The rise of the recluse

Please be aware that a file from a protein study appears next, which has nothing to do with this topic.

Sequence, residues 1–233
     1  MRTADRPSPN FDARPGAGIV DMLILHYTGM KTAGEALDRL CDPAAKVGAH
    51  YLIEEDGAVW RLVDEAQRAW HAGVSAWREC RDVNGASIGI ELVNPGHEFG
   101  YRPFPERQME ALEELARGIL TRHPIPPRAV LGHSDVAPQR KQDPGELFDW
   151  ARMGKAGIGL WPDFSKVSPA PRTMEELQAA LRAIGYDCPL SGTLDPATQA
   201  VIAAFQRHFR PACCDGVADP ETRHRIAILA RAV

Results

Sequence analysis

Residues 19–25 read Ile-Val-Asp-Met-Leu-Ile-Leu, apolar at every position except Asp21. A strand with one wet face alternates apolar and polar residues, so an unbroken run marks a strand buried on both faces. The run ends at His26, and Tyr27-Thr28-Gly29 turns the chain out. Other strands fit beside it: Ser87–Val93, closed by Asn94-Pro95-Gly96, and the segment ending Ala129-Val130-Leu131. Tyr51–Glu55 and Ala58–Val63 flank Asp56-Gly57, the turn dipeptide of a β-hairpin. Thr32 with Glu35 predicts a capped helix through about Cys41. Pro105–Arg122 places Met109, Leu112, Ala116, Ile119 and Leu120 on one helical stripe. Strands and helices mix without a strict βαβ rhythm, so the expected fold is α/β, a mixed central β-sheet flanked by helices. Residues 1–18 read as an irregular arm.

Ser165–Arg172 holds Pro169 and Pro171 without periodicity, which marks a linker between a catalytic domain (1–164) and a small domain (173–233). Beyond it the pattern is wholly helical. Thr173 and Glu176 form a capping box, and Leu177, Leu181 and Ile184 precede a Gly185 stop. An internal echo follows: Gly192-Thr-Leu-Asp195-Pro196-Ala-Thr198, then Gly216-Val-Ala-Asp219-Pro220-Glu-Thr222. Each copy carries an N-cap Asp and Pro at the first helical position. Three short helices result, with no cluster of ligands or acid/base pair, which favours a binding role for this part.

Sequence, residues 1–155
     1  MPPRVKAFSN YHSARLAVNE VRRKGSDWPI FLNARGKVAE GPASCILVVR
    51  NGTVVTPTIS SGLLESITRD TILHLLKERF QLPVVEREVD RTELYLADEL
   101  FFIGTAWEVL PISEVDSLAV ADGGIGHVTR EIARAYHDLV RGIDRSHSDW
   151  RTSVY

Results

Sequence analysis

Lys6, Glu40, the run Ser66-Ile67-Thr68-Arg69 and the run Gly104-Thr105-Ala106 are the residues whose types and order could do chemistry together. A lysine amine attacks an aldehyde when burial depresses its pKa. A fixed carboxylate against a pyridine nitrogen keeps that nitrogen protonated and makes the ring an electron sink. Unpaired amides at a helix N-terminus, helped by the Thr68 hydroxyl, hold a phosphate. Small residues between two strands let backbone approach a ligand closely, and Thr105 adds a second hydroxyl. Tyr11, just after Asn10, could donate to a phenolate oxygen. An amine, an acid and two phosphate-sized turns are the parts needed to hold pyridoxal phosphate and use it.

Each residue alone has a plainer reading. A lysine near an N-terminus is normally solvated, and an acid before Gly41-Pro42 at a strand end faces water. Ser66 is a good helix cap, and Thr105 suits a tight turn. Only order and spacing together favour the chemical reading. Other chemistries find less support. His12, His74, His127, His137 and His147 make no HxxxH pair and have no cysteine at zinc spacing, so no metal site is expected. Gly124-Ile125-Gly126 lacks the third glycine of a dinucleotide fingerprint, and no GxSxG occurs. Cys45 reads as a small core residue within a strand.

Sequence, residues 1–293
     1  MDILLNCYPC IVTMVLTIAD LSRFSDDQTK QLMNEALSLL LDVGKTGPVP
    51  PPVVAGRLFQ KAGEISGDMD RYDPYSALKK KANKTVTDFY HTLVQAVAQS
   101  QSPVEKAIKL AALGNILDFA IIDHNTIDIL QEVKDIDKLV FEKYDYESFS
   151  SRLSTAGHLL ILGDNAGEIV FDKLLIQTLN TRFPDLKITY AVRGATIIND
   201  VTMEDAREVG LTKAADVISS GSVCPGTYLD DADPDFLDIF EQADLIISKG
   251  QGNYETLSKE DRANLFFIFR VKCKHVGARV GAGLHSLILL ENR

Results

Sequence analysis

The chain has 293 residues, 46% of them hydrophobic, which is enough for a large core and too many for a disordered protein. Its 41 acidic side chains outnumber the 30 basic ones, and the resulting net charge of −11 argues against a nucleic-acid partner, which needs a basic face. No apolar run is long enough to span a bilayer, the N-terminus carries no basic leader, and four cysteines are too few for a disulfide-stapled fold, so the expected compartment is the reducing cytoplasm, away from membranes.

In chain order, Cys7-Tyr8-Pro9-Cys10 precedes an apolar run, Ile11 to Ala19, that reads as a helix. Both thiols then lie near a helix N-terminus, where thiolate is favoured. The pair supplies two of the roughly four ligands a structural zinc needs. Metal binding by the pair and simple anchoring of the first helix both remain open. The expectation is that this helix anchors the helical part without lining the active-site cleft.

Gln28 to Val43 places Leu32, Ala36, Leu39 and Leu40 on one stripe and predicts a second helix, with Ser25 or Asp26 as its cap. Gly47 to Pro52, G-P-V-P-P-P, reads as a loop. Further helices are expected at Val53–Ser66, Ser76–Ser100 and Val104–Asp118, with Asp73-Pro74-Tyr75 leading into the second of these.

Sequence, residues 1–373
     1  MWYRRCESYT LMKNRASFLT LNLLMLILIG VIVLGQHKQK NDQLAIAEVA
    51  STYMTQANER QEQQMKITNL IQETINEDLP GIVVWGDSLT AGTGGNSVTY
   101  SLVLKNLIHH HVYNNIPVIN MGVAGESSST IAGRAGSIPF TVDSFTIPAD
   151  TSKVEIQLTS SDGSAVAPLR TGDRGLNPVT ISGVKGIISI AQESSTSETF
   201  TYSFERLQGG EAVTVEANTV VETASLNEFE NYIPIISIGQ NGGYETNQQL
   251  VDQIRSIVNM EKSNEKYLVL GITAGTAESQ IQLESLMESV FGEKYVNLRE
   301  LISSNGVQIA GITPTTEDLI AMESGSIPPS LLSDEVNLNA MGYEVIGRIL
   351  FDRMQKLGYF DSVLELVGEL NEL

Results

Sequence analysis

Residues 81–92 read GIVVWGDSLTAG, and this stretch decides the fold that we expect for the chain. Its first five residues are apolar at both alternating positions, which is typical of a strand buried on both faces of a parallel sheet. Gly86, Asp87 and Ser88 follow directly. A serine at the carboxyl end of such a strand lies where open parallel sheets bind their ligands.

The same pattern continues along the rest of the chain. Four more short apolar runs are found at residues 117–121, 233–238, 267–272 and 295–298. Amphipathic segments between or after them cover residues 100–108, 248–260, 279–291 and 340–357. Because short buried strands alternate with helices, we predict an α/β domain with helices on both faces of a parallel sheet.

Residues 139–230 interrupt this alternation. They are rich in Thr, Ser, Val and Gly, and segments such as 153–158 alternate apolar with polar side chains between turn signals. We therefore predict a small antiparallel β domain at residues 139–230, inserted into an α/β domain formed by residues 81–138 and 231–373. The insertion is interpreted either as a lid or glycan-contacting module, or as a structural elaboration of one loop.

Those enclosed in cells adopted a different form of ascetic withdrawal to those anchorites who valued freedom of movement. This set them apart, to the point that they eventually constituted a separate category. Chapter 3 charts their rise and the clarification of their identity, initially in the German Empire, then in England. It examines the terminological shifts by which writers defined them, evidence that their proliferation was a Western European phenomenon, the types of settlement where they are recorded (often at minsters or rich urban churches), and the sorts of people who sponsored them. The rise of the recluse is interpreted not only in relation to developments in the Empire, but also in light of concerns on the part of wealthy gentry and burgesses to establish spiritual advocates in nascent parishes and towns. The chapter ends with some archaeological insights.
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